Scott Gessler is no longer the Secretary of State, but Colorado taxpayers will keep footing the bill for his legal defense as his fight against a three-year-old ethics charge moves into its next phase. Tuesday, he petitioned the state Supreme Court to review a complaint against him that’s been ruled on three times now — but never to his liking.
The case revolves around the roughly $1,300 dollars Gessler spent on airfare and two nights at the Ritz-Carlton when he took a trip to Tampa in 2012. He was there to give a presentation on election law at a Republican National Lawyers Association meeting which happened to coincide with that year’s Republican National Convention. On reimbursement forms, Gessler wrote off the expense as “state business,” but failed to submit any receipts. He also took home his office’s leftover discretionary funds as a personal bonus at the end of the fiscal year – a hefty $117.99.
Government watchdogs Colorado Ethics Watch first filed an ethics complaint against Gessler in 2012 to be reviewed by the state’s Independent Ethics Commission. The commission was created in 2006 to give advice on any issue arising under Amendment 41, which bars public officials from using their posts for private gain. That means no gift-giving, no favors, and nothing that even looks like a violation of the public trust.
Gessler tried and failed to get the case thrown out, then paid back the $1,278.90 in question. But in the end, the IEC decided his use of discretionary funds was indeed a breech of public trust. Gessler asked the Denver District Court to review that decision, and Judge Herbert L. Stern rejected his appeal. Gessler then took his case to the Colorado Court of Appeals, where the IEC’s ruling was affirmed yet again this May.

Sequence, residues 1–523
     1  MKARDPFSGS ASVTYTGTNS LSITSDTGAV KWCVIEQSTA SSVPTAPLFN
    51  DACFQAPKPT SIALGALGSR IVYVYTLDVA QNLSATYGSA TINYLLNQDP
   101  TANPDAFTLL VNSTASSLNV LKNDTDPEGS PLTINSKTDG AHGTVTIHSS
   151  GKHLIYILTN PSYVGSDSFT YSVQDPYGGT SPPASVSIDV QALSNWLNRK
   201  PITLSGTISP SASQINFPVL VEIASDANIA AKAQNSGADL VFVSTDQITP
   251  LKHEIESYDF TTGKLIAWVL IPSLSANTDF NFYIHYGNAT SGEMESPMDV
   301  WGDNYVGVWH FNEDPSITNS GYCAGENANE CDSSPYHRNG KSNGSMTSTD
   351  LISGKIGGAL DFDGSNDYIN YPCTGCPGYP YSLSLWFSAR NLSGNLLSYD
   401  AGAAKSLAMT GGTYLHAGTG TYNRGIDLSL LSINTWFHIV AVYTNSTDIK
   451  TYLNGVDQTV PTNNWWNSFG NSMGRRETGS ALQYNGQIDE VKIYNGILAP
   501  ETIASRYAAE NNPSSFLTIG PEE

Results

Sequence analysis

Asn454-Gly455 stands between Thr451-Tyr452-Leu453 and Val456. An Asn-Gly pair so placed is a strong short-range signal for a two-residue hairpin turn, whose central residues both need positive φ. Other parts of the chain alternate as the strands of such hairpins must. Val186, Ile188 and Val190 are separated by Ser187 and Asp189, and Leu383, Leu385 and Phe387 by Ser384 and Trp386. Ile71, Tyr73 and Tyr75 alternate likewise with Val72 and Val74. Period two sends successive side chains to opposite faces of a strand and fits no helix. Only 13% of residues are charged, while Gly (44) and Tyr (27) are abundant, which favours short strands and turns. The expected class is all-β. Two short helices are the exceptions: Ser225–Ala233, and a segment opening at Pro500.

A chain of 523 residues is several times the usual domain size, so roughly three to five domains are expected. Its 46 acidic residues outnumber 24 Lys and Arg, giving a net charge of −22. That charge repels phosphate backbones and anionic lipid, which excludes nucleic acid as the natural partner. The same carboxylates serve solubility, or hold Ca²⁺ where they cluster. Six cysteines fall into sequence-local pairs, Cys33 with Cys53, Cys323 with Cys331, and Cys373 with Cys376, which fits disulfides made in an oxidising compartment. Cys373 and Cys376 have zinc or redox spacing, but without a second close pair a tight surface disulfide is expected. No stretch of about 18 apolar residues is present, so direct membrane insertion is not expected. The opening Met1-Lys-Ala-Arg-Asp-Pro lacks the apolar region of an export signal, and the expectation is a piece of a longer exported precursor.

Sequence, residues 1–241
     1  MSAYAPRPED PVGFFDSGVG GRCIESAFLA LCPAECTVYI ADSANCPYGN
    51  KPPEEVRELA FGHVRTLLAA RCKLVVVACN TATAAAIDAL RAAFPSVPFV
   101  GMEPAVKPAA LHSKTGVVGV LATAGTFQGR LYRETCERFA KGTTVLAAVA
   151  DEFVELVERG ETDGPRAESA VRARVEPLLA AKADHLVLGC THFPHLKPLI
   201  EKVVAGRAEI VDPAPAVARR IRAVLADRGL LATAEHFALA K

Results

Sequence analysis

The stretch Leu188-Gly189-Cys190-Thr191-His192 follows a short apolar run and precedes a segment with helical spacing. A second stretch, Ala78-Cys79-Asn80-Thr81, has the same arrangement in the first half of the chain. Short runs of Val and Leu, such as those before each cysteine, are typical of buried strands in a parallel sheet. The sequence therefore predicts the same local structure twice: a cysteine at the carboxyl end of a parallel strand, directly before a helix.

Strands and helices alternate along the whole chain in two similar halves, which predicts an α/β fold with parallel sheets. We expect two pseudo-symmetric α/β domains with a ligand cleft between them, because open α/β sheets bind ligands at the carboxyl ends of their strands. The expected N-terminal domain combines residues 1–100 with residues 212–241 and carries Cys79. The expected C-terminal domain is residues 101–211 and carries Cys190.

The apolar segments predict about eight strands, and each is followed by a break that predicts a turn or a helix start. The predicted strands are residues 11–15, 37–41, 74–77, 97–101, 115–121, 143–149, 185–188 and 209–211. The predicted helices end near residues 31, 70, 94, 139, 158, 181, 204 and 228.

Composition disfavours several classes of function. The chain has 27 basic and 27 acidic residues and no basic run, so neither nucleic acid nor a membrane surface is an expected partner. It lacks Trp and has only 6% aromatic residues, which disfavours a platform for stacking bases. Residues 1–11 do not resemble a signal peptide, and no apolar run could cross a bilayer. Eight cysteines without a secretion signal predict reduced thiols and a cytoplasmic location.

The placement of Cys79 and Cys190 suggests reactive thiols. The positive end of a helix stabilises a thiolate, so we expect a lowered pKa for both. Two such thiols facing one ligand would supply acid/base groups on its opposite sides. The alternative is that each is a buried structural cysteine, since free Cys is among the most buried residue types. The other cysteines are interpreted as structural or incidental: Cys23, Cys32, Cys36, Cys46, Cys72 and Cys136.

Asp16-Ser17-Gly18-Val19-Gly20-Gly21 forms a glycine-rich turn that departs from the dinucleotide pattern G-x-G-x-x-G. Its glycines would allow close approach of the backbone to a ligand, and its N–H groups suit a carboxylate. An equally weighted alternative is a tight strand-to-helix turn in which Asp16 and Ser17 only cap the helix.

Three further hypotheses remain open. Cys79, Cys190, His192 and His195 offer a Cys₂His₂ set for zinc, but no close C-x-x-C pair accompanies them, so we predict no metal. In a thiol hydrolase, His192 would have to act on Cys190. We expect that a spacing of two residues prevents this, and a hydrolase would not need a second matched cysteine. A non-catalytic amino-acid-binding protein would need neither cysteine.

Gessler may be out of public office now, but he’s still fighting his case. On Tuesday, he filed a petition asking the state Supreme Court to take up his appeal.
In his petition, the facts of the case are undisputed. Gessler did indeed use state funds to travel to give a presentation on election law at a Republican National Lawyers Association meeting in Tampa in 2012.
“Colorado Secretaries of State have used the funds for a wide variety of activities,” the petition points out, “including cocktail receptions for county clerks, personal clothing, overseas travel, and taking the amount as W-2 income, all without incident.”
Rather, he accused the IEC of “mission creep” for using a single phrase in Amendment 41 to justify an unbounded view of its jurisdiction. The IEC can rule on matters related to gift-giving, influence peddling, “or any other standards of conduct or reporting requirements as provided by law” — and that, Gessler’s defense claims, is overly vague and broad.
Secretary of State Wayne Williams’ press secretary Tim Griesmer said his office will continue to foot the bill for Gessler’s defense. Up through June 30, 2013, Gessler’s team of outside attorneys billed the state for more than $122,000, while the IEC logged nearly $70,000 to investigate, prosecute and defend its opinion in subsequent appeals. And taxpayers will continue to foot the bill for both sides.
Williams is Gessler’s chosen successor.
When the embattled Gessler opted for a gubernatorial run rather than try for a second term as Secretary of State, he endorsed fellow Republican and El Paso County Clerk at the time Wayne Williams to take his place. Williams won handily. Since taking office, Williams has carried on Gessler’s efforts to tighten up voting rules after the state reformed its election system in 2013.
Under Williams, the Department of State will continue paying the former secretary’s legal bills. Griesmer said the office thinks it’s important to see the case through “so all state employee know what standards are in dealing in Amendment 41.”
But Colorado Ethics Watch director Luis Toro says this particular application of the law doesn’t apply to all state employees because only the governor, lieutenant governor, secretary of state, attorney general and treasurer have discretionary funds.
“There is nothing ambiguous about the ban on the use of discretionary funds for personal and political use,” Toro said. “People under the dome have hated Amendment 41 since its inception and have been rooting for the Ethics Commission to fail.”
Toro is especially concerned about how much taxpayers will have to pay for Gessler’s legal fees.
“The funding of Gessler’s defense has been questionable from the start,” he said. “Colorado is the only state where people who file ethics complaints are required to prosecute them at their own expense while the public official – here, one who was found to have engaged in wrongdoing – gets a publicly-funded defense.”
Correction August 11, 2015: The original version of this story stated that Common Cause was a co-plaintiff on the 2012 Scott Gessler case, which is incorrect.